Family statement promises works including works by Matisse, Monet and Chagall would be returned for no fee if heirs receive artworks
The family heirs of Cornelius Gurlitt, the German recluse who was discovered to have a hoard of suspected Nazi-looted art in his Munich apartment, have declared that if they inherit the collection they will immediately return any looted artworks to their rightful owners.
Gurlitt, who died in May at the age of 81, left his entire art collection to a Swiss art museum in what was widely seen at the time as a final act of revenge against the German authorities for trying to part him from hisbeloved paintings.
But the Kunstmuseum Bern is yet to decide whether to accept the bequest, and if it declines, the artworks will revert to Gurlitt's family heirs.
The collection includes works by Henri Matisse, Marc Chagall and Otto Dix, among others, and its total value has been estimated to be as high as €1bn (£800m).
But the hoard could prove to be a poisoned inheritance. Many of the around 1,600 paintings are believed to have been looted from their Jewish rightful owners by the Nazis, and in a statement released by their lawyer in Munich, the family has made it clear that it wants nothing to do with them.
The family lawyer, Wolfgang Seybold, read out a statement committing the family to the "immediate and unconditional return of looted art from the Cornelius Gurlitt collection" in the event the museum turns down the bequest.
Otto Griebel's 'Child at the Table' (EPA)
The undertaking is similar to commitments the Swiss museum has already made in the event it accepts the bequest, but an additional motivation for the family is that some of Gurlitt's heirs are themselves Jewish.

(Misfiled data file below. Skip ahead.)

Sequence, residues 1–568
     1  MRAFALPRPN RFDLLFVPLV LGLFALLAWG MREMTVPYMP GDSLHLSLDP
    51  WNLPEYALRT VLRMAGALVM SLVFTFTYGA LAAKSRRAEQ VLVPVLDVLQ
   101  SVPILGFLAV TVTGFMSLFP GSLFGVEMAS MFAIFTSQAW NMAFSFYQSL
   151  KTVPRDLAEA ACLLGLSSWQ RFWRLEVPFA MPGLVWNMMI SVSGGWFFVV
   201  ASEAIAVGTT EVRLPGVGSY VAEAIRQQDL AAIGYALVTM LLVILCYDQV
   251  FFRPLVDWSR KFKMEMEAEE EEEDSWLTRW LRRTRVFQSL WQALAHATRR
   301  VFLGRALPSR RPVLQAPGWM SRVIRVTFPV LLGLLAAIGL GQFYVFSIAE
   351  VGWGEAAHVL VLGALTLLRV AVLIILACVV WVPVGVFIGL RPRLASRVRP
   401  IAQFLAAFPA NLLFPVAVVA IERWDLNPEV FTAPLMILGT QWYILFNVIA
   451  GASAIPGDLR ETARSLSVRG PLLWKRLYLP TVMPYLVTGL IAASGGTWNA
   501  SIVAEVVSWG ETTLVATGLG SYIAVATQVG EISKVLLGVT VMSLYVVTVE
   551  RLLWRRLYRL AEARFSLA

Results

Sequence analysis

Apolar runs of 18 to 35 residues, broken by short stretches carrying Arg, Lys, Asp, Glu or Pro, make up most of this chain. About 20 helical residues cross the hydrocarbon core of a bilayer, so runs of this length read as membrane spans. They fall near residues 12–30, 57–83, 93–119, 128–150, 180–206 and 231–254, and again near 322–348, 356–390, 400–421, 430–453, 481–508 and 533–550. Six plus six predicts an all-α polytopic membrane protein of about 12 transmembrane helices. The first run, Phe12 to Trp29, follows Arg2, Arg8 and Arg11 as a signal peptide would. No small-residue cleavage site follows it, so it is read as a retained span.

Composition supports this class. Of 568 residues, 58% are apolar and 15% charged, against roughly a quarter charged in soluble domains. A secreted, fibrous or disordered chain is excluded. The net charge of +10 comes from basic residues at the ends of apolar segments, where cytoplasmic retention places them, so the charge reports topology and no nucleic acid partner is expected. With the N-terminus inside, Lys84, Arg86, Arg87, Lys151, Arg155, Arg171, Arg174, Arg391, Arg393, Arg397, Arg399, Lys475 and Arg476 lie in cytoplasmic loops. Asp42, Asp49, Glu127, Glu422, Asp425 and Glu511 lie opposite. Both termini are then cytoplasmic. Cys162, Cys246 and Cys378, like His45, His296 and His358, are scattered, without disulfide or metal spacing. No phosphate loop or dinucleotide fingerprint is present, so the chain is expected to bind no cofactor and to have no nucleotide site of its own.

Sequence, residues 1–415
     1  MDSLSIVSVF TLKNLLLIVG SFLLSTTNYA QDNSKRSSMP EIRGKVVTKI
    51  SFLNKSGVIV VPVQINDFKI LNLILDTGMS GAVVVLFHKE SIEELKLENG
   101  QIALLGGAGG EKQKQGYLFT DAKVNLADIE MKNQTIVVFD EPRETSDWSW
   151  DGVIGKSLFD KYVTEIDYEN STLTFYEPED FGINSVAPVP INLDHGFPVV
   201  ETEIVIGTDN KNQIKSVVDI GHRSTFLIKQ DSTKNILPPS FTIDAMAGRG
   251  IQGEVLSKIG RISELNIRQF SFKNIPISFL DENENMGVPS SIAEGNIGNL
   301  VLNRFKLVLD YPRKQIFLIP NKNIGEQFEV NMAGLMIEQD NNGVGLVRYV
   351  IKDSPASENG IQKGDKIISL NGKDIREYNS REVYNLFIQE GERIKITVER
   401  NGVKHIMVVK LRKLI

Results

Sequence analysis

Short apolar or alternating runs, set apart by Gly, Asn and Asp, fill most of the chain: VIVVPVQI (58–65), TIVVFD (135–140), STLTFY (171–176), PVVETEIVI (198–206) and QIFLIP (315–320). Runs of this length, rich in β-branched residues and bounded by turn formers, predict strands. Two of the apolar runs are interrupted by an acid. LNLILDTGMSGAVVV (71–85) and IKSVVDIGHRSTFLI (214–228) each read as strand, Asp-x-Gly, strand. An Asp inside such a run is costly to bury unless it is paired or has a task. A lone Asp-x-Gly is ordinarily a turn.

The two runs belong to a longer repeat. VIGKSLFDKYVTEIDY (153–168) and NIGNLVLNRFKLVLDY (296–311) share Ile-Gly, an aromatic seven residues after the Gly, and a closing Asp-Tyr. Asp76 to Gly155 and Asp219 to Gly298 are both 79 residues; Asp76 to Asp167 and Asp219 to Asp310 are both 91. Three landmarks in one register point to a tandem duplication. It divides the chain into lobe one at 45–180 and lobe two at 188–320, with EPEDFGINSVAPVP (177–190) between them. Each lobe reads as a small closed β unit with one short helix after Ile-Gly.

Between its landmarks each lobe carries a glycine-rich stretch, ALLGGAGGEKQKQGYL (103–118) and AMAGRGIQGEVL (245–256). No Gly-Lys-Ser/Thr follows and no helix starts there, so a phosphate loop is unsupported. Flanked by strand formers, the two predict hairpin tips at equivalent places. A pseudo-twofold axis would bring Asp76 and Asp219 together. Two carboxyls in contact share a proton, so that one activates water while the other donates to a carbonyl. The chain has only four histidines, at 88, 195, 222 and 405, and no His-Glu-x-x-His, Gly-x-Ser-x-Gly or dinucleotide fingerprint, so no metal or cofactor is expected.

Hildebrand's brother Willibald, a music historian, was married to a Jewish woman."The mother and grandmother of the people involved was, according to the Nazi racial laws, fully Jewish," the family said in their statement.
The Gurlitt heirs promised further investigation of the artworks to determine which were looted, and said all looted artworks would be returned to their rightful owners "immediately and without anything in return".
The receipts and business documents of Gurlitt's father Hildebrand, the Nazi art dealer who put the collection together, would be published on the internet.
The family further committed to mount a permanent exhibition of some 460 paintings that are not believed to have been looted, but which the Nazis removed from German museums because they considered modern art "degenerate".
Though the Nazis would not allow "degenerate" art in Germany, they were happy to profit by trading in it, and Hildebrand Gurlitt was one of a number of art dealers appointed to sell the paintings abroad. During this time he is believed to have amassed his own collection.
Hans Christoph's 'Couple', 1924 (EPA)
The Kunstmuseum Bern is to make a decision on whether to take the artworks on November 26. It has refused to confirm a report in Switzerland's Sonntagszeitung newspaper last month that it is preparing to accept the bequest.
The head of the World Jewish Congress, Ronald Lauder, warned the museum not to accept the artworks earlier this month, telling Germany's Spiegel magazine it would "trigger an avalanche of lawsuits".